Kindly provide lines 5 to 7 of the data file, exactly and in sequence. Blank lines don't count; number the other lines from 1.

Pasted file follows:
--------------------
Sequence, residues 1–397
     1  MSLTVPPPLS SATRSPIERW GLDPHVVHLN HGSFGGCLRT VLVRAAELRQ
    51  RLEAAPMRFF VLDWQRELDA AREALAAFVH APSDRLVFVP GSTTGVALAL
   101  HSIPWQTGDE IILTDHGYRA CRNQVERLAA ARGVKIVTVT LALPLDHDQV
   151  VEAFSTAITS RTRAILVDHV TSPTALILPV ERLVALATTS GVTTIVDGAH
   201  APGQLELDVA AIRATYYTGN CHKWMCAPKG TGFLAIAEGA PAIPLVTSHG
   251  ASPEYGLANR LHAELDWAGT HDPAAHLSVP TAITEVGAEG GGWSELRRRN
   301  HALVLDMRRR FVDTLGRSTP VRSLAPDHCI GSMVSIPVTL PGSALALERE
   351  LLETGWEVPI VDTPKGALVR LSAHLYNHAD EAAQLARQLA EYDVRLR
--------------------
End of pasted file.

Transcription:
   151  VEAFSTAITS RTRAILVDHV TSPTALILPV ERLVALATTS GVTTIVDGAH
   201  APGQLELDVA AIRATYYTGN CHKWMCAPKG TGFLAIAEGA PAIPLVTSHG
   251  ASPEYGLANR LHAELDWAGT HDPAAHLSVP TAITEVGAEG GGWSELRRRN